Until then, though, companies are largely succumbing to public/social pressure, and simply focusing on hiring quotas–though none would/can ever admit it. Yes, it’s a laudable goal–but really one fraught with a predicament:

    Once equal outcomes are achieved, once we have “just the right number” of minorities, fewer men in leadership…. exactly what do we expect to happen? And why is that? Why would we assume that Blacks or Asians or Hispanics or Indigenous Peoples would be any better or worse at running these companies? How are Black Women so different and distinct from Hispanic Men, that increasing the number of one while decreasing the number of another will tangibly affect things? And isn’t that presumption racist, on its own?

    Once we can get past the idea that diversity is about sex or race, or some other (un)popular class of people, and actually about ideas, viewpoints, and challenging the status quo–regardless of sex or race–I think you’ll start to see more than correlations, and start to see some causation between success and true, meaningful diversity.

    Until then, we’ll just be checking boxes, and focusing on the wrong thing.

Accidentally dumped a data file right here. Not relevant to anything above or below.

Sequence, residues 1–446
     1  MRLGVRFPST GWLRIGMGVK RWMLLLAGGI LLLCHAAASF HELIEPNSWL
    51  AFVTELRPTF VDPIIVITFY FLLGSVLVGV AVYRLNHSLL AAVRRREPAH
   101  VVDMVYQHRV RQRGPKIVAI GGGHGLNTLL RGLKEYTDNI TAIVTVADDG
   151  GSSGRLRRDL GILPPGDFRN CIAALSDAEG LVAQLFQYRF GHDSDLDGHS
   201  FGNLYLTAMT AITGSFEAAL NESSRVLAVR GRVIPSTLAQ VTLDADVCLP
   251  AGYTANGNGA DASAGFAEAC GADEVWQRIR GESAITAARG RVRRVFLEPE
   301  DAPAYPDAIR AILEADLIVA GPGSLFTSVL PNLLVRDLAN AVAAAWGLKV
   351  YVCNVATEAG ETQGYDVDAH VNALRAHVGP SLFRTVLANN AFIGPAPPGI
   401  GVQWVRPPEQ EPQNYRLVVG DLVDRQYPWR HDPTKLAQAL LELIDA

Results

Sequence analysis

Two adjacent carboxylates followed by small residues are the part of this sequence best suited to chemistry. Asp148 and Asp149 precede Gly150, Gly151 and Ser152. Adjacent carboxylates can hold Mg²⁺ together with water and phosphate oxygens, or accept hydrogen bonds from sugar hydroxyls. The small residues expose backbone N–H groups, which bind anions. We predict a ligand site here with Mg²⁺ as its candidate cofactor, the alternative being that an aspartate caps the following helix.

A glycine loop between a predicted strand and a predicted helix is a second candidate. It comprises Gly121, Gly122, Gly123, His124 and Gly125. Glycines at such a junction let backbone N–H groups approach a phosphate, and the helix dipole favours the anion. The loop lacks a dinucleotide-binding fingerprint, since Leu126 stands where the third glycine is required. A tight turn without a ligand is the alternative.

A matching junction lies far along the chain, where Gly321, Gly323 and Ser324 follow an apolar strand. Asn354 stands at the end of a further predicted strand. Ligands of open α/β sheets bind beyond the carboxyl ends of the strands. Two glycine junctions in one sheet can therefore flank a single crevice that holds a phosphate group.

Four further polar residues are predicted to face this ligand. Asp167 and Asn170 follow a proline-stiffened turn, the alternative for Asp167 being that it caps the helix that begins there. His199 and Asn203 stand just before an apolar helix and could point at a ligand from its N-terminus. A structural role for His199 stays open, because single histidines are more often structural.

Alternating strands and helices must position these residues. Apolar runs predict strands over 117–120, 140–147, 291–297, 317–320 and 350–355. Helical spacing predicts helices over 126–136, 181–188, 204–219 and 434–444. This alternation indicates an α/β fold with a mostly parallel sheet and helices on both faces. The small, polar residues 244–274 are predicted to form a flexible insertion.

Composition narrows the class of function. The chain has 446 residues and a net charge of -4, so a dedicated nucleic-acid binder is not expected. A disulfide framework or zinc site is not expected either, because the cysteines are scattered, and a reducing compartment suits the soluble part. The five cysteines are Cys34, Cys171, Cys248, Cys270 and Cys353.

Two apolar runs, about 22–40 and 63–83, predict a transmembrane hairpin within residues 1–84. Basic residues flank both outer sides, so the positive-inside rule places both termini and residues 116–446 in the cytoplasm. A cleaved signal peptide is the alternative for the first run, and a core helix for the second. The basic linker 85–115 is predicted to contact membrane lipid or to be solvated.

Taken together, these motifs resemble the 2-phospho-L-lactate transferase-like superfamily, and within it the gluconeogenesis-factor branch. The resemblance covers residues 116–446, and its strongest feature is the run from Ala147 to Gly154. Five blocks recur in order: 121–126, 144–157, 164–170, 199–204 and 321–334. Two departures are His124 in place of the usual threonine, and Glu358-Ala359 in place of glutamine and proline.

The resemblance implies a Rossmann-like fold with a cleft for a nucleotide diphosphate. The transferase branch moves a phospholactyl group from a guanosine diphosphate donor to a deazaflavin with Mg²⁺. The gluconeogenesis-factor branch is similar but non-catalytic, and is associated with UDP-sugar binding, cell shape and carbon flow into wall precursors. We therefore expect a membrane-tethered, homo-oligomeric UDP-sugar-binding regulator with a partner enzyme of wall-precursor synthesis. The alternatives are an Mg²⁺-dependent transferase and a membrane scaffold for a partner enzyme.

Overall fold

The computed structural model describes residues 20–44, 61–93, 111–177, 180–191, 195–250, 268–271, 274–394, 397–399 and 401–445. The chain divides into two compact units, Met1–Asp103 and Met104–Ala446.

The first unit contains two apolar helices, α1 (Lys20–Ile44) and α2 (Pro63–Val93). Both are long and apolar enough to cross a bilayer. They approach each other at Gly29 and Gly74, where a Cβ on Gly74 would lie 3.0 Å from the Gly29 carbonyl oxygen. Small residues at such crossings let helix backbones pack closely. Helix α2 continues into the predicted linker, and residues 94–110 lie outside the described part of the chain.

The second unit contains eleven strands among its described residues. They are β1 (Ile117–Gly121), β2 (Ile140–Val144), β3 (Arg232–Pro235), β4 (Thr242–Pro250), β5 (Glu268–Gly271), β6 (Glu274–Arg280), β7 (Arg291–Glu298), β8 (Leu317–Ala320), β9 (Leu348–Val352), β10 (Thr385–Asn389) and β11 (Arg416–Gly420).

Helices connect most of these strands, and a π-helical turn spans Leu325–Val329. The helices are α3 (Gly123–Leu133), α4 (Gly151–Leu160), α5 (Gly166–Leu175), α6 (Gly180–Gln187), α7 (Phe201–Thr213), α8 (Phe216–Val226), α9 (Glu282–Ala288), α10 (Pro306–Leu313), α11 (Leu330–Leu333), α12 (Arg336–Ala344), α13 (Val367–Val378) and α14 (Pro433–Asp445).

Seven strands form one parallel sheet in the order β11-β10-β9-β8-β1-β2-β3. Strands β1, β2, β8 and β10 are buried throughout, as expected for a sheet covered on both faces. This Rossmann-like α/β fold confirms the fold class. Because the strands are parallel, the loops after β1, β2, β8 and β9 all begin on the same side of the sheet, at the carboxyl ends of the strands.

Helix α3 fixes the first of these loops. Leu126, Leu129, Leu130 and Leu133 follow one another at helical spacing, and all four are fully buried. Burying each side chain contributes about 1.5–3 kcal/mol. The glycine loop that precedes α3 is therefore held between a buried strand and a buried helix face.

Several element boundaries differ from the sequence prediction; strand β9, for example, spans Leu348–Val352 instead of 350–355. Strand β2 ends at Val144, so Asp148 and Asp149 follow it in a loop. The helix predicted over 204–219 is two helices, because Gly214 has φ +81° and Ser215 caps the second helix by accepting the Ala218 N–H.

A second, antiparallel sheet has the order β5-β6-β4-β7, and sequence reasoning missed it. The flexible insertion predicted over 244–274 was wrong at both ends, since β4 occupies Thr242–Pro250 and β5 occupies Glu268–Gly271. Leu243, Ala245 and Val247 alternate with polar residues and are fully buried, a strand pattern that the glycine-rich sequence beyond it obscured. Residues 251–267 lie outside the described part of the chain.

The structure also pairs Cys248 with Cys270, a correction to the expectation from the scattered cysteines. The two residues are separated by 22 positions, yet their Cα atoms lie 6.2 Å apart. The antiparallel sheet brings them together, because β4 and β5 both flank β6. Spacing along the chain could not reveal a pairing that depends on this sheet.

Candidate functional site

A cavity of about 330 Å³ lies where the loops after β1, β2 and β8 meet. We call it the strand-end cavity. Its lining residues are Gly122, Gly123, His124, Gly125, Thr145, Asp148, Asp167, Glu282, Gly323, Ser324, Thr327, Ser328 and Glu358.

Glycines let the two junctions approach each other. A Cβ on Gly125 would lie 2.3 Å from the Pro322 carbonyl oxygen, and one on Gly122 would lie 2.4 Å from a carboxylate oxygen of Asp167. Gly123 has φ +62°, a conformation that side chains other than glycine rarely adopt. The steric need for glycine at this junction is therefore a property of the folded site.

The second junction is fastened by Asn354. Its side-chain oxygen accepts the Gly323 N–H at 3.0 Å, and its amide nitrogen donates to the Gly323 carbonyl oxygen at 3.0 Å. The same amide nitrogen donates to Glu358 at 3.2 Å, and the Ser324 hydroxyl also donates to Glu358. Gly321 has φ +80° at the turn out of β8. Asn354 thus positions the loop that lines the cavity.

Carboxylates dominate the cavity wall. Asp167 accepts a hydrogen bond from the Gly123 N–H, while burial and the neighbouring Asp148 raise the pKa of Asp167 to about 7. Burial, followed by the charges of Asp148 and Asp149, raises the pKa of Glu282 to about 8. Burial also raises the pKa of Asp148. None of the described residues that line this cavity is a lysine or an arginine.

1. Ed Baldwin Post
      Author

      Really insightful and data driven comments, thank you. Yes, diversity needs to be about diverse ideas, viewpoints, and backgrounds but the way companies tangibly identify thought and experience diversity today is through rudimentary observable differences such as race and gender.

  5. Wonderful post and questions, Ed. Thanks for tackling it. As the kids say, the post should be filled by someone who is “woke.” How do you measure that? I think that a white guy can absolutely be successful if he has a track record of seeking diverse ideas and building teams of diverse people. He should have to prove that he has attended seminars, classes, and other trackable avenues to broaden his horizons and challenge his biases. In less diverse areas, “diversity” can be cognitive as well. So, would a white guy have to do a little extra work to prove he is ready for the challenges of the role? Absolutely. Just as POC and women have had to do extra work to prove the capabilities in other more traditional roles.

    Thanks for making me think this morning!